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Consequences of War

Consequences of War

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Consequences of War

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  1. Consequences of War

  2. Committee on Public Information • Government agency responsible for coordinating pro-war propaganda • Distributed pamphlets, arranged public speakers, recorded songs, and made short patriotic films • Government assumed new role of manipulating public opinion, controlling what information about the war the public had access to

  3. Espionage Act of 1917 • Prohibited any attempt to interfere with military operations, support America's enemies during wartime, to promote insubordination in the military, or interfere with military recruitment

  4. Sedition Act of 1918 • Limited freedom of speech by making it illegal to publicly express any opposition to the war • Government could (and did) prosecute anyone who criticized the government

  5. Schenck v. US (1919) • Charles Schenck, a socialist, had been sending pamphlets to men urging them not to report if drafted • Schenck was convicted of violating the Espionage Act • Supreme Court upheld Schenck’s conviction and ruled that an individual’s freedom of speech can be limited by the government when it presents a “clear and present danger,” such as during times of war

  6. Eugene V. Debs • 1855 – 1926 • 5-time Socialist candidate for US President • Gave an anti-war speech in 1918 and was sentenced to 10 years in prison for violating the Sedition Act (only served 3 years) • Appealed to the Supreme Court; the result of Debs v. US was the same as Schenck v. US

  7. National War Labor Board • Federal agency which acted to mediate and quickly settle labor disputes to avoid disrupting the war effort • Pressured industry to keep workers happy with increased wages, shorter workdays, and respect for unions

  8. Population Shifts • European immigration halted during the war • This created employment opportunities for minorities • Many blacks left the South for factory jobs in the North (The Great Migration) • Many Mexicans entered the US to fill the labor shortage on farms in the Southwest and in factories in the North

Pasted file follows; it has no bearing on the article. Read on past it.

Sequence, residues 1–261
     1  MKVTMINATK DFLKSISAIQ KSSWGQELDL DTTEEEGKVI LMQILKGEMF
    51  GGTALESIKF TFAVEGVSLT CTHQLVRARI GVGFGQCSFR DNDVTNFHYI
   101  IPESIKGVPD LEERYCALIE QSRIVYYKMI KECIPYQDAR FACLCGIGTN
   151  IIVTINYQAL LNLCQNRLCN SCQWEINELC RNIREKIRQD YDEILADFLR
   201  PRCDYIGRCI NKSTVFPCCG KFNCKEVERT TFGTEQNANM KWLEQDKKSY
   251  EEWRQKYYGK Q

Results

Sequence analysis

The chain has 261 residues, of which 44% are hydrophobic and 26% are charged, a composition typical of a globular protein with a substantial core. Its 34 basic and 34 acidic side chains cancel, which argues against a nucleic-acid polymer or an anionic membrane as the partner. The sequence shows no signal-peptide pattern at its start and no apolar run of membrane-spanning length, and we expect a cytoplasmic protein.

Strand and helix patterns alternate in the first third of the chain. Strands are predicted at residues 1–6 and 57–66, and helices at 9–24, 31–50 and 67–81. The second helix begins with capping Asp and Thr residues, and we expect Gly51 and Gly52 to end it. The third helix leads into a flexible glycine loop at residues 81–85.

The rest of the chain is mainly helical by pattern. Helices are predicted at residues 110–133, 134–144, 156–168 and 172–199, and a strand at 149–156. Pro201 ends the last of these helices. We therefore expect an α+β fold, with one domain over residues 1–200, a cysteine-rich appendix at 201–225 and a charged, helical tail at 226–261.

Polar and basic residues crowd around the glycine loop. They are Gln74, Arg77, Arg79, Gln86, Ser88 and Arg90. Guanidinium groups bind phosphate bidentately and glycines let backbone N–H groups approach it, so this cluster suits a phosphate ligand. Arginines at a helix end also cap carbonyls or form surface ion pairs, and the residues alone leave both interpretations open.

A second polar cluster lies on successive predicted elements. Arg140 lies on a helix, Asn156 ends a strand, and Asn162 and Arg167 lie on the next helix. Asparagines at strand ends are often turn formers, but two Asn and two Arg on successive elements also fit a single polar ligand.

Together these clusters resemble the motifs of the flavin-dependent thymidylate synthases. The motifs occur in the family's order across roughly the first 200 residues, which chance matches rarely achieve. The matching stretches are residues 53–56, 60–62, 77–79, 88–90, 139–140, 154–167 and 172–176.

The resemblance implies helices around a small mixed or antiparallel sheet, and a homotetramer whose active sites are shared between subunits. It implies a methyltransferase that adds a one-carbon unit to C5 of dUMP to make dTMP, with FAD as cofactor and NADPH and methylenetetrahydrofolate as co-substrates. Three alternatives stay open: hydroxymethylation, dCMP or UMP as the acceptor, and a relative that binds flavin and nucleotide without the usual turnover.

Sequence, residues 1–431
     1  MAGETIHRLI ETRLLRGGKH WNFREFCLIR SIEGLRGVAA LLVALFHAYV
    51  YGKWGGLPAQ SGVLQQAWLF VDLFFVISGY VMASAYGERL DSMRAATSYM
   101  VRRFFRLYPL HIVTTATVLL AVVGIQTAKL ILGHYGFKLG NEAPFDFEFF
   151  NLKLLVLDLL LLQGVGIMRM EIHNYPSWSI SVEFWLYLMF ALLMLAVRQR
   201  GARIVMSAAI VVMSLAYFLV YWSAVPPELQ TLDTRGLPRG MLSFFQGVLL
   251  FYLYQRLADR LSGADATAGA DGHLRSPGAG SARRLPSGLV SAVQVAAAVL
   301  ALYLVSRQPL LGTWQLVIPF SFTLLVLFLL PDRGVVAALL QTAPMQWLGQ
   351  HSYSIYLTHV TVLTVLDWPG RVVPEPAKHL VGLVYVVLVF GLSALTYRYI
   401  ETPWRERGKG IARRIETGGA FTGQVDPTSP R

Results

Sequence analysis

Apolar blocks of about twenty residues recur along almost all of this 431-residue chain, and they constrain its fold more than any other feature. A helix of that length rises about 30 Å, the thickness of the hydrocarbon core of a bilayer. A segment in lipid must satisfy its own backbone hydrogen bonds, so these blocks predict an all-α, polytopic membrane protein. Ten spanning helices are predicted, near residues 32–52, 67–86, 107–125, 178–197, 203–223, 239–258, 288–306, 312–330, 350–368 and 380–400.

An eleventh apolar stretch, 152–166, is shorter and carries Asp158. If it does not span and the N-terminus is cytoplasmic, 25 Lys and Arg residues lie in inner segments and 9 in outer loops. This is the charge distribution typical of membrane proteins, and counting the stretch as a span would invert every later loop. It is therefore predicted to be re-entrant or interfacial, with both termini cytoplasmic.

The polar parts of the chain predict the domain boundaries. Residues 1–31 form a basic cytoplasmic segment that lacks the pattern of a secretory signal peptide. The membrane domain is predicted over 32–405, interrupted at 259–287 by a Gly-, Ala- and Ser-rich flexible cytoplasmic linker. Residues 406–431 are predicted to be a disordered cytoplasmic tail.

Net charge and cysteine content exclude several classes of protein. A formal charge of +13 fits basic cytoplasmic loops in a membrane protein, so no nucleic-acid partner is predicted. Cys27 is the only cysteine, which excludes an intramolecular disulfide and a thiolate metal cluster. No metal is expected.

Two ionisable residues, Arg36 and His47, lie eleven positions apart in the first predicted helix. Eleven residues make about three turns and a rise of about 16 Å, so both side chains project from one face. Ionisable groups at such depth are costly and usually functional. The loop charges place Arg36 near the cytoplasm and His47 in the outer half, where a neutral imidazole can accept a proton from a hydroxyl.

9. Post-war Inflation • As regular factory production resumed, demand for consumer goods skyrocketed, driving up prices • Inflation in 1919 alone was over 15% • Rising cost-of-living led to increased wage demands by labor

  10. Seattle General Strike • Shipbuilders in Seattle went on strike for better wages, inspiring other workers in Seattle to follow suit • 60,000 workers went on strike, but gained little before returning to work • Still, the size of the strike and its effect on the city were alarming

  11. Boston Police Strike • 1919: 75% of police went on strike for higher pay, leading to rioting and looting due to lawlessness • Gov. Calvin Coolidge sent in the National Guard to restore order • When policemen tried to return to work, they were fired and replaced with new hires, with Coolidge’s approval

  12. The Steel Strike • 350,000 steel workers went on strike • US Steel blamed the strike on foreign immigrants, painted the strikers as un-American • Hired African-Americans and Mexican immigrants to replace the workers and keep the steel mills running • Despite several violent clashes, the striking workers gained nothing

  13. The Red Scare of 1919-20 • Labor unrest led to fears that Communists were trying to create a revolt in the US similar to the one in Russia • April 1919: dozens of bombs were sent through the US Mail to important government officials and business leaders, further encouraging the belief that communists were plotting against the US